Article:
The problem is that concept barely carries through the film, and what ensues is mostly dull scenes in search of his sons that carry little dramatic weight.

Quality, Respectful and Entertaining.

An editing with unacceptable mistakes, amateur and pointless camera angles, meaningless camera moves, the war scenes lighted like cheap TV show, poor sound design et.. Turkish characters in film can't speak Turkish.

With Crowe's leadership The Water Diviner turns out to be a quality, greatly paced, and very entertaining film.

Normally as a movie I would have given it a 5, some images were nice, and I like Russel Crowe as an actor, but the movie was somewhat boring, and quite incredible.

But the palette of colored fabrics and the interior view of Turkish mosques assured some visually stunning images.

This film is a pure Turkish propaganda.

At first you start guessing ("oh he's gonna end up with her," or "oh he's going to find his sons and its gonna be all great"), but the script pulls you this way and that so that you end up doubting your predictions and are on the edge of your seat for nearly the whole film.

The whole film was too long and boring.

In a poignant scene, Joshua, on his wife's urging, agrees to read the book Arabian Nights to the boys, but all we see is Joshua speaking to three empty beds.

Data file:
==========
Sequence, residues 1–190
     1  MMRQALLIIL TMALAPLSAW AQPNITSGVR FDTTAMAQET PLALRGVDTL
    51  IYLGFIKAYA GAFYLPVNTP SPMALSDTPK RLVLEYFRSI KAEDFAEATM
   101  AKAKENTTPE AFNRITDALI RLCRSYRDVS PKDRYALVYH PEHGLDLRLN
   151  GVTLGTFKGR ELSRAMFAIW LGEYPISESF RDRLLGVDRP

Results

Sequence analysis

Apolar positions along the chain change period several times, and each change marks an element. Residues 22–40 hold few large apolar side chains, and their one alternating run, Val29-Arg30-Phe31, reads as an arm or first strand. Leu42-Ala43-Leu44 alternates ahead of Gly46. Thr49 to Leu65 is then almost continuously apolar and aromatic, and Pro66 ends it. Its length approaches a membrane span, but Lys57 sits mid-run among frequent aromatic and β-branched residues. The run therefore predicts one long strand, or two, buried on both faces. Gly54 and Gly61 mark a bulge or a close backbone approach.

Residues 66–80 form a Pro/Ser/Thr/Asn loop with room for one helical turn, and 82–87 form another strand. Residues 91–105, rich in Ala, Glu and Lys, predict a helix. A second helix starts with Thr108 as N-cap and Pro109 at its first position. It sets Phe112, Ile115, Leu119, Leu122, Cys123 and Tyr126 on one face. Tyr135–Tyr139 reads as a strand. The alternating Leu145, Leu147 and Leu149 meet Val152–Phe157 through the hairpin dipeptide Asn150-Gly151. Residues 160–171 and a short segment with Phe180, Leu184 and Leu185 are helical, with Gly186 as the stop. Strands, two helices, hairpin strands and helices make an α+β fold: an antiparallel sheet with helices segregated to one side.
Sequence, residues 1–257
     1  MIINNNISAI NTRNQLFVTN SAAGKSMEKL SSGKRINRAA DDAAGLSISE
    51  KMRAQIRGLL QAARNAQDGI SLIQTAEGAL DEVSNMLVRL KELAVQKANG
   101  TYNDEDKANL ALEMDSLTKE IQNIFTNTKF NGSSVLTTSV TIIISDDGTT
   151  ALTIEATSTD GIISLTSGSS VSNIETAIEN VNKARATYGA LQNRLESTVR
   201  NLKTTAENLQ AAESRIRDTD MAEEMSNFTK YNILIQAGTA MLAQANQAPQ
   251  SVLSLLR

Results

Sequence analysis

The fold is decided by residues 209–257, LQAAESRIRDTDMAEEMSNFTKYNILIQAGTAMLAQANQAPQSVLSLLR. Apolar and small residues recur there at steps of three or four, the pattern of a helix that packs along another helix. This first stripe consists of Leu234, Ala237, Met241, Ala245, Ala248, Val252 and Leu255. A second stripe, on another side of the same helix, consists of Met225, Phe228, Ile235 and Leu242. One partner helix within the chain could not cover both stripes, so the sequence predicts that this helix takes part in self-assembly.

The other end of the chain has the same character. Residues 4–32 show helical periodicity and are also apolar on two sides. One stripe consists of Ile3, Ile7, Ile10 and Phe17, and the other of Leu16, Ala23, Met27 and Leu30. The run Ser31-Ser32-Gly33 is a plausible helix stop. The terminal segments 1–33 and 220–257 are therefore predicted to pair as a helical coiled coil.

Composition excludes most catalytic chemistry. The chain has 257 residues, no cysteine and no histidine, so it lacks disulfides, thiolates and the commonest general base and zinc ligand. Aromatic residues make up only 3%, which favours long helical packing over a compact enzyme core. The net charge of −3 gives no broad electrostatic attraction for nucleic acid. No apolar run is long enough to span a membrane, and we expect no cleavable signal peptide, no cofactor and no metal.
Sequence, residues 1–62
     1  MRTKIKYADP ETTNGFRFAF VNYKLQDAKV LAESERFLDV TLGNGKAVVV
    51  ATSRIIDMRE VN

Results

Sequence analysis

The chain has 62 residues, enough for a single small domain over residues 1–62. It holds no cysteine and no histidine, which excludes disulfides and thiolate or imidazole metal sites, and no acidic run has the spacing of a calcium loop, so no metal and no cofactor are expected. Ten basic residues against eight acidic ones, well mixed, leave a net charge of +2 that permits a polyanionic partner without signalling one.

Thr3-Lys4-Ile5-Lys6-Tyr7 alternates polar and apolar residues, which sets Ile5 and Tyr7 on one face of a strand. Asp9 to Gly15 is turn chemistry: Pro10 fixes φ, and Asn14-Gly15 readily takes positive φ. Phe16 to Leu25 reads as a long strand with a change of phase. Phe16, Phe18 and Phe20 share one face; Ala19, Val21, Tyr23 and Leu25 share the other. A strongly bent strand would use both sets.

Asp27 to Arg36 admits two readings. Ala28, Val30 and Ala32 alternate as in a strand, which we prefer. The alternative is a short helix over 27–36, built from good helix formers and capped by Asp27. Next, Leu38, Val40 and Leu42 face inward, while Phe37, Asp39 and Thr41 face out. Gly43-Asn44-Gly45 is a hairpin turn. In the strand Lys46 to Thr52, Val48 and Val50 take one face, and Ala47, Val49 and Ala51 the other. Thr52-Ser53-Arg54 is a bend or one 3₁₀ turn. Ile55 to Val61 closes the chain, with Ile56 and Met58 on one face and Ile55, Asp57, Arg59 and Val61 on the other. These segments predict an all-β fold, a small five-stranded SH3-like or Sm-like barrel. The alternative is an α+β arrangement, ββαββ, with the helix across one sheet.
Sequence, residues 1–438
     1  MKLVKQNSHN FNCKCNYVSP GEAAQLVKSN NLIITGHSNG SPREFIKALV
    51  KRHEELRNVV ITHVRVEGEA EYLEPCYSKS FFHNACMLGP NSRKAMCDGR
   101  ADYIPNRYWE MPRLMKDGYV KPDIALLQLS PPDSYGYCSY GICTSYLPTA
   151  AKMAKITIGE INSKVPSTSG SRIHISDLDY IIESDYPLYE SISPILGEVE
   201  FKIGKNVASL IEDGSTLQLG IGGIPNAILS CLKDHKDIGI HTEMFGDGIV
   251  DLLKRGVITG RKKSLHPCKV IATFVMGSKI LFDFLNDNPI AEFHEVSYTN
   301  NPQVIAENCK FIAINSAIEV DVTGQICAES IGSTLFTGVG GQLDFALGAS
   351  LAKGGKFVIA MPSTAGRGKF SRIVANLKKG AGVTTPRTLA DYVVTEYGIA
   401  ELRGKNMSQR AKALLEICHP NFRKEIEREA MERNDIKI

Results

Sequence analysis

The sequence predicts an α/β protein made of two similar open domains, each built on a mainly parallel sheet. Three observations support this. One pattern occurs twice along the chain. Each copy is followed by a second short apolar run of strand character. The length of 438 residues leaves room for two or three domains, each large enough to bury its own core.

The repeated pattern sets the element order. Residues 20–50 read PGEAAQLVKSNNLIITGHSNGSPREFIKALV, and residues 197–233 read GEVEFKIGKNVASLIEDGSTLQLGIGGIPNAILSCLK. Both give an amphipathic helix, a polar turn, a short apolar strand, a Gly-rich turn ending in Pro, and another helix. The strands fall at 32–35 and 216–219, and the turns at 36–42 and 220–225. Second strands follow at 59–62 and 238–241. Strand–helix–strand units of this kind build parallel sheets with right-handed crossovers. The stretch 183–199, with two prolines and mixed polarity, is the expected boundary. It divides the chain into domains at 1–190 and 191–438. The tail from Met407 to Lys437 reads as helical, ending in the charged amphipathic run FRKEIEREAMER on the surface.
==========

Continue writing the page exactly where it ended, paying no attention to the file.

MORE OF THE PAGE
Just another of Russell Crowe's self indulgent movies.

Recommended for all adults as a gripping mystery and adventure in historical fiction.

It is visually stunning, emotionally charged and does more than most movies to pry open your empathetic side.

And now it's time for the disappointing elements of this yet fascinating film.

a few flaws but otherwise a great emotionally engaging story .

I really enjoyed it.

So, saying something like "for like years we were crushed and forced into sudden and unexpected practices" does not justify brutish approach and it certainly does not mean Turk cannot be victims after.

The Movie Romanticized His Post Traumatic Story and is Entertaining and its Concern Seems to be Story Telling of the Fictional Kind Set Amongst a History that To This Day Can Evoke Strong Emotional Blowback and Various Visceral Reactions.